Matter of Epstein

Annotate this Case
Matter of Epstein 2022 NY Slip Op 00658 Decided on February 2, 2022 Appellate Division, Second Department Published by New York State Law Reporting Bureau pursuant to Judiciary Law § 431. This opinion is uncorrected and subject to revision before publication in the Official Reports.

Decided on February 2, 2022 SUPREME COURT OF THE STATE OF NEW YORK Appellate Division, Second Judicial Department

[*1]In the Matter of Sal Epstein, etc., deceased. Elena Eckhouse, appellant; Anita Taormina, et al., respondents. (File No. 1881/08)

Novick & Associates, P.C. (Albert V. Messina, Jr., Donald Novick, and Haley Weinblatt & Calcagni, LLP, Islandia, NY [Richard A. Weinblatt], of counsel), for appellant.

Joseph J. Sciacca (Mauro Lilling Naparty LLP, Woodbury, NY [Seth M. Weinberg] of counsel), for respondents.


In two probate proceedings in which Elena Eckhouse petitioned, inter alia, to revoke the letters testamentary and letters of trusteeship, respectively, issued to Anita Taormina, Elena Eckhouse appeals from (1) a decree of the Surrogate's Court, Suffolk County (Stephen L. Braslow, S.), dated August 20, 2018, and (2) a decree of the same court, also dated August 20, 2018. The first decree, insofar as appealed from, after a nonjury trial, denied that branch of Elena Eckhouse's petition which was to revoke the letters testamentary issued to Anita Taormina. The second decree, insofar as appealed from, after the nonjury trial, denied those branches of Elena Eckhouse's petition which were to revoke the letters of trusteeship issued to Anita Taormina and for an award of attorneys' fees and costs.

ORDERED that the first decree is reversed insofar as appealed from, on the law, and that branch of the petition of Elena Eckhouse which was to revoke the letters testamentary issued to Anita Taormina is granted; and it is further,

ORDERED that the second decree is modified, on the law, by deleting the provision thereof denying that branch of the petition of Elena Eckhouse which was to revoke the letters of trusteeship issued to Anita Taormina, and substituting therefor a provision granting that branch of the petition; as so modified, the second decree is affirmed insofar as appealed from; and it is further,

ORDERED that one bill of costs is awarded to the appellant payable by the respondents personally.

The decedent died on August 17, 2008, survived by two daughters, Anita Taormina and Elena Eckhouse, and three grandchildren. Pursuant to the decedent's will, the Surrogate's Court appointed Taormina and Eckhouse as co-executors of his will.

The decedent's will devised a sum equal to his generation skipping transfer tax exemption (hereinafter GST exemption) to his grandchildren, in equal shares, to be held in trust for [*2]each of them with the principal to be distributed in thirds as each attained the ages of 25, 30, and 35 (hereinafter the GST trusts). The parties agree that, at the time of the decedent's death, his remaining GST exemption was $1,991,350. The will appointed Taormina and Eckhouse as co-trustees of the GST trusts. The decedent bequeathed the remainder of his estate to Taormina and Eckhouse in equal shares.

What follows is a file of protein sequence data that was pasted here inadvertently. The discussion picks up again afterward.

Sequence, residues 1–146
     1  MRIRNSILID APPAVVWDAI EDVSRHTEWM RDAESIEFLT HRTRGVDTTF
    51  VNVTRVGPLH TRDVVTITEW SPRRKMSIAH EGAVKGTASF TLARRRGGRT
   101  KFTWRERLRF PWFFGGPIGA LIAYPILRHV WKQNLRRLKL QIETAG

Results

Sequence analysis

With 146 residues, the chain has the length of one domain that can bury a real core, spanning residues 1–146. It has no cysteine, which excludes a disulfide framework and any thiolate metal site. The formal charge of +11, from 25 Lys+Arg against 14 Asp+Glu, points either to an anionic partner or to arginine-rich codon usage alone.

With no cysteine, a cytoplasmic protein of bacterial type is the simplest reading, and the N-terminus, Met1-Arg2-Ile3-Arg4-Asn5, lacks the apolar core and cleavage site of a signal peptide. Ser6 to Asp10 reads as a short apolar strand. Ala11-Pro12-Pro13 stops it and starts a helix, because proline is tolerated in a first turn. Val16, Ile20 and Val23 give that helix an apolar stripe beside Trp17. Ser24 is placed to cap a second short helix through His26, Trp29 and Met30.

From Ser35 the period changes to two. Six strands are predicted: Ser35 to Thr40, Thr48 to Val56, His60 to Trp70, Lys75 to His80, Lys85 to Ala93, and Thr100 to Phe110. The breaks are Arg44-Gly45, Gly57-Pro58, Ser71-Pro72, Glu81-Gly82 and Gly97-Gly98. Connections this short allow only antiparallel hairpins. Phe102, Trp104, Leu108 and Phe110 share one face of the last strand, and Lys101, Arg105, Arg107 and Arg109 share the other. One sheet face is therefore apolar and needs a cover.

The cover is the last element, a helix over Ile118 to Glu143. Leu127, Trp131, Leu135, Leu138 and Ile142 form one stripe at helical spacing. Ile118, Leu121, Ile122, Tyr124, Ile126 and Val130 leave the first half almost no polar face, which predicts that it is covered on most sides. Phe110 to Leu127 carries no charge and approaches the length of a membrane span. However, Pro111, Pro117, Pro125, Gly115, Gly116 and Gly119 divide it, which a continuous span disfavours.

Among the decedent's assets at the time of his death were a 37.87895% share in ME & A Realty Co., LLC (hereinafter ME & A), and a 35.35% share in MM & I Realty Co., LLC (hereinafter MM & I) (hereinafter together the LLCs). In 2009, the estate distributed a 10% interest in the LLCs to both Taormina and Eckhouse. In the same year, the estate deposited $150,000 into each of the GST trusts in partial satisfaction of the decedent's bequests to the grandchildren.

Thereafter, disagreements arose regarding the distribution of the decedent's assets, particularly with respect to the funding of the GST trusts. On July 31, 2011, Taormina and Eckhouse entered into an agreement (hereinafter the July 2011 agreement) to distribute to the estate's beneficiaries the estate's assets, including the remaining 17.87895% of ME & A, the remaining 15.35% of MM & I, and $680,000 in cash, by giving 2% of each of the LLCs to each grandchild and dividing the remaining interests between Taormina and Eckhouse. Each of the beneficiaries of the estate signed the July 2011 agreement before a notary and each of the grandchildren, together with Taormina and Eckhouse in their role as co-trustees, thereafter executed a release relating to the distribution of shares of the LLCs (hereinafter the LLC releases).

In November 2012, ME & A sold its primary asset, a parcel of real property, for $46.5 million. In December 2012, Eckhouse, through counsel, instructed the managing member of the LLCs to allocate and disburse the estate's shares in the LLCs pursuant to the terms of the July 2011 agreement. The LLCs recorded the beneficiaries' interests in their books and disbursed profits and sale proceeds as instructed. Taormina objected to disbursement of the assets of the LLCs assets pursuant to the July 2011 agreement.

Meanwhile, disputes arose regarding filing and payment of the estate's taxes. Eckhouse eventually sought, and received, court assistance in compelling Taormina to permit the payment of taxes.